Pancakes piled high with butter and syrup partners with a protein menagerie of eggs, sausage, ham, and bacon have — for the best part of several decades — been known as one thing — the lumberjack special. Named after exhausting, intensive laboring men who risked their lives doing dangerous logging in often frigid temperatures, the meal is meant to stick to your hard-working ribs. However, the breakfast special we know today only uses lumberjack in the title and isn’t a representation of the real deal. A lumberjack’s breakfast during the peak of industrial logging of the 19th and 20th centuries looked much different.
The breakfast gets one thing right — lumberjacks needed protein, and lots of it. Diet logs by researchers in the 19th century recorded lumberjacks eating a variety of proteins but not what we’d initially thought of. Eggs, or any sort of fresh produce, were just not there.
Sure, there were the occasional things like bacon, but the majority of protein was dried or preserved. Salt pork and salted cod were some of the most common proteins a lumberjack would eat as these salted foods preserved well and provided a lot of nutrients.
Today’s center stage star of a lumberjack breakfast is pancakes, but in the 19th century, the carbs would be an even sweeter affair. People ate carby, starchy things like sourdough biscuits, cakes, and cookies. There were flapjacks (just like the breakfast version of today), but things like cookies won out as they didn’t stale as fast as pancakes.
Most days were often physically tough. River drives — when logs were transported down ice-covered rivers — were ten painfully wet, freezing, and dangerous days. Logging areas like in the rainy area of Washington state’s Puget Sound or frigid forests of central Maine were seldom easy conditions to deal with large volumes of timber.
At the end of the day, men would be soaking wet in cold temperatures and go to bed in the same wet clothes, in thin canvas tents. So when these men ate, it had to be warming and filling. The main food that provided both the protein and warmth they needed was beans — lots of beans.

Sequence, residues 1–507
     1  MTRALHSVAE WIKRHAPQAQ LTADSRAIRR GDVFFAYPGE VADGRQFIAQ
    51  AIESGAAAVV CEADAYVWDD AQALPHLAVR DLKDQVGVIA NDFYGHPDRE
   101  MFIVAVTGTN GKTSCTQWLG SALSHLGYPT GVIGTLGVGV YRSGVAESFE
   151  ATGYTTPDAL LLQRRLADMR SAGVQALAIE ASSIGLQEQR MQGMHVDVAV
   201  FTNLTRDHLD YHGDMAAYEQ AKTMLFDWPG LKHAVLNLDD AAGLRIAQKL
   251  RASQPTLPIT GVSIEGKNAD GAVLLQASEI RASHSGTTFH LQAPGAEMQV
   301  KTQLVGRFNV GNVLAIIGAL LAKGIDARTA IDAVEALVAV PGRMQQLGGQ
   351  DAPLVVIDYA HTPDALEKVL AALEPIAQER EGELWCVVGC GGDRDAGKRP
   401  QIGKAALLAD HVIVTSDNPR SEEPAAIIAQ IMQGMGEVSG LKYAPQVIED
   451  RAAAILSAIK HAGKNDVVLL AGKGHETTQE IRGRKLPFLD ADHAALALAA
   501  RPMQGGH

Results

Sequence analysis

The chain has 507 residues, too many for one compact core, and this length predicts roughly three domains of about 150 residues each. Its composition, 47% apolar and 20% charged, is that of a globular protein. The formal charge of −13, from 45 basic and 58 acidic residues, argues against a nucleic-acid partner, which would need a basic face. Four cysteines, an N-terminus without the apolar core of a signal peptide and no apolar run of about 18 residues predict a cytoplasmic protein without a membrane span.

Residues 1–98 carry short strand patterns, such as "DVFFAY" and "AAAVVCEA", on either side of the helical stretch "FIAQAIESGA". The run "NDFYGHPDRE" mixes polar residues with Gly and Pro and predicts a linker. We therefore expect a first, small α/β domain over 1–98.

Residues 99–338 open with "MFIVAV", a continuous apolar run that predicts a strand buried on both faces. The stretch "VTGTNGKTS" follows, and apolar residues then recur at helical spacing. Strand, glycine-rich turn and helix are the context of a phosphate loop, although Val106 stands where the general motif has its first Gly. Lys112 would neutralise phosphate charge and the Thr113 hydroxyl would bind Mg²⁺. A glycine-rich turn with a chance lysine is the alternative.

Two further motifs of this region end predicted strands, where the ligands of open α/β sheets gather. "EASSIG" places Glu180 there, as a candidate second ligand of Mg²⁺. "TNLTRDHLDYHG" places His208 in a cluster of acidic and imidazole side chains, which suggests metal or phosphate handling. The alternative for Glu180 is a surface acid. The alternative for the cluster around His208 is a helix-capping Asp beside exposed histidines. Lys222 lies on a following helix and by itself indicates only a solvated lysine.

Beans were such a crucial part of the diet that there was a designated person to prep and cook the beans. Most logging camps had a bean-hole. This was an area of flat land where a cook’s assistant would soak the beans, add ingredients, and then slowly cook the baked beans in a pot overnight in a bed of coals and warm dirt to be eaten the next day for breakfast. The bean cooking area was sheltered from the elements with wooden walls and a roof. This process would be done all over again to be eaten each day in the morning. Nutritional records showed that, on average, a man ate one to one and a half pounds of baked beans a day, consisting of one-fifth to as high as one-third of their daily protein intake.
On river drive days, beans were the main dish with a side of cookies or pastries five times a day. The protein from the beans was the thing keeping the men going through those marathon stretches of work.
Nowadays, the ratios of a lumberjack breakfast are somewhat inverted on the account that no one really needs to eat 6,000 to 8,000 calories a day, and being served a plate that’s 85% beans isn’t the most mouth-watering concept, but the memory of such a hearty bean-forward salty meat, and sweet treat laden diet should be remembered and understood in history.
Do you think you could eat a lumberjack breakfast of the past?SKM: below-content placeholder